Satisfaction with access to GP services


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1. Main facts and figures

  • just under three-quarters of patients (72.7%) had a positive experience when making a GP appointment in 2016/2017
  • White Irish patients were the most likely to have had a positive experience of making a GP appointment, and Pakistani patients the least likely to
  • in each year from 2011/12 to 2016/2017, patients from a White Irish, Black African, White British and Any other Black background were more likely than those from other groups to report a positive experience
  • Asian patients (Pakistani, Bangladeshi, Indian and Chinese) were the least likely to report a positive experience each year from 2011/12 to 2016/2017
  • patients in the Gypsy or Irish Traveller group also had rates of satisfaction below the national average from 2011/12 to 2016/2017, although the findings are less reliable for this group because of the small numbers of respondents
Things you need to know

Bear in mind that the trends shown in the data may not extend beyond the time series of this analysis.

Results taken from a low number of responses are more likely to be affected by statistical variation, so observed changes might not reflect real differences. Although the number of respondents taking part each year is relatively large (about 800,000), caution should still be used when comparing satisfaction levels between ethnic groups or over time. This is because the sample sizes for some ethnic groups may be small.

All survey estimates are subject to a degree of uncertainty as they are based on a sample of the population. The degree of uncertainty is greater when the number of respondents is small, so uncertainty will be highest for minority ethnic groups.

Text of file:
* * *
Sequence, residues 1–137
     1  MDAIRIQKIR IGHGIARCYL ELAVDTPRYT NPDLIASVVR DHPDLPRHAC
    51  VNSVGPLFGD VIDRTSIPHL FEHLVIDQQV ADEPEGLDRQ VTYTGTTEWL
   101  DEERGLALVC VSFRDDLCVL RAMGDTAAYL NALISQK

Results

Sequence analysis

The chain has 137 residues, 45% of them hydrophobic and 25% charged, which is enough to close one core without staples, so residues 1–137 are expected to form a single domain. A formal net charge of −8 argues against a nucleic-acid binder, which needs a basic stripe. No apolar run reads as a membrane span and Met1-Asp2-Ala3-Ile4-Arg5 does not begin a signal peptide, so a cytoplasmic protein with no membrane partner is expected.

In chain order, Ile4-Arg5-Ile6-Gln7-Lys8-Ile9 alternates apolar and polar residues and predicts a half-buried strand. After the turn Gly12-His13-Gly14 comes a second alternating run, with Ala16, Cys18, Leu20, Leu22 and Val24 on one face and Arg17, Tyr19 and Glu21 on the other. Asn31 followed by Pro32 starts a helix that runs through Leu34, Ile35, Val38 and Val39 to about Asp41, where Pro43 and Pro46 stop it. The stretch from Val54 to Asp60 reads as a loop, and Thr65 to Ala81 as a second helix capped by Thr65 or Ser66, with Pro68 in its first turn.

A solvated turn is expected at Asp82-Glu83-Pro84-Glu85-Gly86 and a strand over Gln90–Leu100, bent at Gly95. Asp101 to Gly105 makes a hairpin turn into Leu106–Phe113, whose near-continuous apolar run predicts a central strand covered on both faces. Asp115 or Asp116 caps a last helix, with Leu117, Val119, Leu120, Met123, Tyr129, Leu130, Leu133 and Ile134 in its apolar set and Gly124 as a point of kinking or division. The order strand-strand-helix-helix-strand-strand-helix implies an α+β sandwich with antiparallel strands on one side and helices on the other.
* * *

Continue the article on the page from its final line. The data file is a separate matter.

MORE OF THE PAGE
This is particularly the case for people from a Gypsy or Irish Traveller background. The figures for this group are based on a small number of responses (around 200 each year) and have been variable year on year.

What the data measures

This data measures the percentage of patients who had a positive experience when making an appointment to see a general practitioner (GP) in England.

The data source is the GP patient survey (GPPS), commissioned by NHS England and conducted by Ipsos MORI.

Patients were asked to rate their overall experience of making a GP appointment. Those who answered ‘fairly good’ or ‘very good’ were considered to have had a positive experience.

Patients are eligible for this survey if they live in England and:

  • are 18 years of age or over
  • have an NHS number
  • have been registered with a GP for 6 months
  • have not received a survey in the last 12 months
The ethnic categories used in this data

This data uses the standardised ethnic groups, based on the 2011 Census:


  • English/Welsh/Scottish/Northern Irish/British ("White British")
  • Irish
  • Gypsy, Traveller or Irish Traveller
  • Any other White background

Mixed/Multiple ethnic groups:

  • White and Black Caribbean
  • White and Black African
  • White and Asian
  • Any other Mixed/ Multiple ethnic background

Asian/Asian British:

  • Indian
  • Pakistani
  • Bangladeshi
  • Chinese
  • Any other Asian background

Black/African/Caribbean/Black British:

  • African
  • Caribbean
  • Any other Black/African/Caribbean background

Other ethnic group:

  • Arab
  • Any other ethnic group

2. Satisfaction with access to GP services by ethnicity

Percentage of patients reporting a positive experience of making a GP appointment by ethnicity over time
Ethnicity 2011/12 2012/13 2013/14 2014/15 2015/16 2016/17
% % % % % %
All 79.1 76.3 74.6 73.3 73.4 72.7
Bangladeshi 66.1 62.6 61.4 61.0 59.0 58.9
Chinese 68.4 68.4 65.6 63.6 63.8 62.9
Indian 67.5 63.7 63.6 60.9 63.0 61.2
Pakistani 64.0 60.8 60.3 57.1 58.5 56.4
Asian other 73.8 70.5 69.4 66.9 69.2 68.1
Black African 82.3 78.4 77.5 75.4 76.4 76.0
Black Caribbean 78.3 74.8 73.2 72.1 72.0 70.8
Black other 79.7 77.9 76.6 76.4 74.0 75.2
Mixed White/Asian 73.9 70.4 68.6 67.6 69.9 69.5